Diesel Engine Repair Technicians – A Rare Breed

The economy is on the rise, and America is once again feeling confident in our nation. With the renewed confidence, spending is also on the rise. Supplies of all kinds of goods are dwindling down, and suppliers are restocking them. How does goods of all types get to the suppliers? You guessed it, the over the road truck and driver. One indication of a strong economy is how many tractor – trailers are moving freight up and down the roads. As of lately, that number is sharply on the rise. The tractor that pulls that load has to be in top operating condition at all times. Enter the diesel technician.

Diesel engine repair is more than a person and a tool box. These techs. are highly trained, and extremely knowledgeable in all the different systems found on a class 8 semi truck. Long gone are the days of a mechanic walking out to a truck with a hand tray of tools. Modern diesel engine repair technicians most often start a proper diagnosis with a lap top computer. Like a skilled surgeon in their field, the problem is quickly identified, and a repair is made correctly the first time. Experience plays a major role in this repair process, and a technician with years of experience is a good person to be friends with. This type of experience is highly sought after in the world of truck repair. Competition between businesses that employ these people is, not surprisingly, quite fierce. Because of the knowledge base a diesel engine repair technician is equipped with, they can usually write their own ticket as where in the country they wish to work.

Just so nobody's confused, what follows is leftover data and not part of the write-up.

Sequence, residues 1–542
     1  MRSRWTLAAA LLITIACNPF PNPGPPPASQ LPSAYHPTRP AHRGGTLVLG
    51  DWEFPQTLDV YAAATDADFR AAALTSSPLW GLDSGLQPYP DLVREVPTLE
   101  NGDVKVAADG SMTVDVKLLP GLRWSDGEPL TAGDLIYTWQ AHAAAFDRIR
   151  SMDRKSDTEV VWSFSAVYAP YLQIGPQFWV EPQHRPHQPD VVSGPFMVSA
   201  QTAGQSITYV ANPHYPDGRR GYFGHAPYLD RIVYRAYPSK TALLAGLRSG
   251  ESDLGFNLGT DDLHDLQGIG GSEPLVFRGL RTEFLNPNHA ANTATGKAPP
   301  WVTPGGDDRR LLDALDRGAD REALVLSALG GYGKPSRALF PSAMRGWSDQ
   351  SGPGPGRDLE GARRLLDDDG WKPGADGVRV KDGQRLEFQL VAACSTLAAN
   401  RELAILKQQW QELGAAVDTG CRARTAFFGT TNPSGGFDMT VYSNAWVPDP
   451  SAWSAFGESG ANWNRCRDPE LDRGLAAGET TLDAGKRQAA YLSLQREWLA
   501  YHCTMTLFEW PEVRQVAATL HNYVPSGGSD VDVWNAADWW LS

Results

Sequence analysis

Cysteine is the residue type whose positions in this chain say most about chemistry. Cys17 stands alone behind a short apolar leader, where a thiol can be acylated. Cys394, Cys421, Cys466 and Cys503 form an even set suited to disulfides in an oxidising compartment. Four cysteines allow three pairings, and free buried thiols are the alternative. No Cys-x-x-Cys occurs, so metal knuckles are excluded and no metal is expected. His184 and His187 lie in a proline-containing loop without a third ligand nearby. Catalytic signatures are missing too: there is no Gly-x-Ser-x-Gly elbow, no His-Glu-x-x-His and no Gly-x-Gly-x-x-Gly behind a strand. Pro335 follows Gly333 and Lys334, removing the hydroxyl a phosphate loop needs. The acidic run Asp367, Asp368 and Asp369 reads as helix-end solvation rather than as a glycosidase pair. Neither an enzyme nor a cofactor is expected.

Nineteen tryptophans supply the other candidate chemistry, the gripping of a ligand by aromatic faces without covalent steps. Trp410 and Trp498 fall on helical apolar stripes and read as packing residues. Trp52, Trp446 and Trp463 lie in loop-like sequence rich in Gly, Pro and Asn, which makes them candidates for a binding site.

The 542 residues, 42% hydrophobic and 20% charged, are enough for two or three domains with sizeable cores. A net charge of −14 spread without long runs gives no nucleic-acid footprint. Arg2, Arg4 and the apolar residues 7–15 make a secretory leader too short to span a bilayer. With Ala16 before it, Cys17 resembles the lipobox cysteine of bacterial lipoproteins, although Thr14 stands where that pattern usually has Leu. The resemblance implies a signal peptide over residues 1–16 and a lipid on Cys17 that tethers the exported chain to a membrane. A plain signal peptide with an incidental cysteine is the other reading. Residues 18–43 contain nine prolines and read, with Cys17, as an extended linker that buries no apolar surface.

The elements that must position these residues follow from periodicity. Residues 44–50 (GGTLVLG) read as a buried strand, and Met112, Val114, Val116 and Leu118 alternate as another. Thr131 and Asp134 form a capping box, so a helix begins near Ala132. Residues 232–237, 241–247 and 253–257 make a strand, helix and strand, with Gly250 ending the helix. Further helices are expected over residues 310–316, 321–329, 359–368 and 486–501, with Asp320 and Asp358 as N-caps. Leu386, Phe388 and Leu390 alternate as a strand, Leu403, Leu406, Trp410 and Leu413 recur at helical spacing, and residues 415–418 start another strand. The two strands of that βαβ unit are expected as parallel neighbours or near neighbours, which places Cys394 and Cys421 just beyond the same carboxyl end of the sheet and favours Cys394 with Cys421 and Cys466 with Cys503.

Along with the knowledge a diesel technician has, their home away from home is the tool box they own. Not your standard tool box found in most home garages, this type of tool box is usually three to four times larger. With all the specialty tools required to diagnose problems, storage for these expensive items is very important. While the wage that a diesel engine repair technician receives is well above the minimum wage requirements, keep in mind that the tools used are also purchased by the technician. The investment made by a highly trained diesel engine repair technician will easily run into six figures. A good rule of thumb at a repair facility is that if one has to borrow a tool from someone else more than twice, it should be bought and put into personal inventory.

The down side to being a diesel engine repair technician is that it is hard on a body. Everything on a class 8 truck is big and heavy. Brake drums alone weigh in at close to one hundred pounds. Ask a gear man the weight of a 15.5 inch clutch. Then ask them where it goes. Lifting one of these monsters in a confined  Wartsila VASA 12V32 LN crankshaft repair space certainly builds character, to say the least. Cylinder heads, pistons, crankshafts, intake and exhaust manifolds. All are on the larger scale and need to be wrestled around on a daily basis by the diesel engine repair technician. These people have brawn to go along with their brains.


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